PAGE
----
13169 K
151 pp.
 
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TitleDepartment of Energy 1977--1994: A Summary History
Author(s)Fehner, T. R.; Holl, J. M.
Publication DateNovember 1994
Report NumberDOE/HR--0098
Unique IdentifierACC0062
Other NumbersLegacy ID: TI95004808; OSTI ID: 10106088
Research OrgUSDOE Office of Administration and Human Resource Management, Washington, DC (United States). History Div.
Sponsoring OrgUS Department of Energy (DOE), Washington, DC (United States)
Subject99 General and Miscellaneous//Mathematics, Computing, and Information Science
KeywordsUS DOE; Historical Aspects; Research Programs; Energy Policy; Environmental Policy; Foreign Policy
AbstractThe Department of Energy Organization Act of 1977 created perhaps the most interesting and diverse agency in the Federal Government. The new department brought together for the first time not only most of the government`s energy programs but also defense responsibilities that included the design, construction, and testing of nuclear weapons. The Department of Energy incorporated a score of organizational entities from a dozen departments and agencies, each with its own history and traditions. Uniting these seemingly disparate entities and programs was a common commitment to performing first rate science and technology. The Department of Energy sought--and continues to seek--to be one of the Nation`s premier science and technology organizations. The Department of Energy, 1977--1994, is a summary history of the origins, goals, and achievements of the Department and selected major programs. Beginning with the various fuels policies on the energy side and the Manhattan project on the defense side, the study details how the Department was born of the energy crisis of the early and mid-1970s. The history then surveys the Department and its programs from the Carter through the Clinton administrations. As the energy crisis eased, the Department played a central role on issues as dissimilar as the Strategic Defense Initiative and the Superconducting Super Collider. With the end of the Cold War, the Department of Energy further transformed itself, moving from the building of bombs to partial dismantlement of the nuclear weapons complex and to an increased emphasis on environmental activities and technology transfer efforts.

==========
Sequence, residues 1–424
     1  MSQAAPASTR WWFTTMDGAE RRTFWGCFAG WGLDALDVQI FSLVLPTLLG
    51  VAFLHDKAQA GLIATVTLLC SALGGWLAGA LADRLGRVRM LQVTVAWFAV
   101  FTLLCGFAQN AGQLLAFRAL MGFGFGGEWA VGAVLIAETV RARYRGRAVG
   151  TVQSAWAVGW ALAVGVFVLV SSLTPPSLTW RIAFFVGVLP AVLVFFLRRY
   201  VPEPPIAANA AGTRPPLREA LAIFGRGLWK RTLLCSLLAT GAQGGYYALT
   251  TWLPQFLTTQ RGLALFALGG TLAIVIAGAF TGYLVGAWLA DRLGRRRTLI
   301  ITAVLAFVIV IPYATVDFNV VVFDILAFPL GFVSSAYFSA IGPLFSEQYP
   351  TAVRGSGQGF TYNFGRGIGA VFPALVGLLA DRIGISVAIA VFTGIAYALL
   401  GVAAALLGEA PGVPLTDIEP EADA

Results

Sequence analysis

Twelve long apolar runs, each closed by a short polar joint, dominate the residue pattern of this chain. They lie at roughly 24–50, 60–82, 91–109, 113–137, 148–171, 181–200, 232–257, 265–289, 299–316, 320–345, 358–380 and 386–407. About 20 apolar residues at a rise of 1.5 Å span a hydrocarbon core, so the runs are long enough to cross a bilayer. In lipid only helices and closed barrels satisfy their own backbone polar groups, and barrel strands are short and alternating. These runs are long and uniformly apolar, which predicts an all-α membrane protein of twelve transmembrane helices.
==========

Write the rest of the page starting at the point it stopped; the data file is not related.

13169 K
151 pp.
 
View Document 
  


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